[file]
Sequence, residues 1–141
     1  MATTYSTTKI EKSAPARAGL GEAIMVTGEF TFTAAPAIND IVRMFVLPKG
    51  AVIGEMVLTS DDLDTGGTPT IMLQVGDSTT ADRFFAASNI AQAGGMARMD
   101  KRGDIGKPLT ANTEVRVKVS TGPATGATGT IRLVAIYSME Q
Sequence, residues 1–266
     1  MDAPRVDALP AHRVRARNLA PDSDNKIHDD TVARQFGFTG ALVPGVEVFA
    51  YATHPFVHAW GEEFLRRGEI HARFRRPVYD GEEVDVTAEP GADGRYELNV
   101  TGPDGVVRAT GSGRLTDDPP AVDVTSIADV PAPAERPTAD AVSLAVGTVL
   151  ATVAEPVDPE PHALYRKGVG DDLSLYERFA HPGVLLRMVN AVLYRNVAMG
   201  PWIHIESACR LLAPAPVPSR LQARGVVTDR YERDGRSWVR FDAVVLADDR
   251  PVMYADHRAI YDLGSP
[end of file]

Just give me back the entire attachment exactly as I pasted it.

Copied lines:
Sequence, residues 1–141
     1  MATTYSTTKI EKSAPARAGL GEAIMVTGEF TFTAAPAIND IVRMFVLPKG
    51  AVIGEMVLTS DDLDTGGTPT IMLQVGDSTT ADRFFAASNI AQAGGMARMD
   101  KRGDIGKPLT ANTEVRVKVS TGPATGATGT IRLVAIYSME Q
Sequence, residues 1–266
     1  MDAPRVDALP AHRVRARNLA PDSDNKIHDD TVARQFGFTG ALVPGVEVFA
    51  YATHPFVHAW GEEFLRRGEI HARFRRPVYD GEEVDVTAEP GADGRYELNV
   101  TGPDGVVRAT GSGRLTDDPP AVDVTSIADV PAPAERPTAD AVSLAVGTVL
   151  ATVAEPVDPE PHALYRKGVG DDLSLYERFA HPGVLLRMVN AVLYRNVAMG
   201  PWIHIESACR LLAPAPVPSR LQARGVVTDR YERDGRSWVR FDAVVLADDR
   251  PVMYADHRAI YDLGSP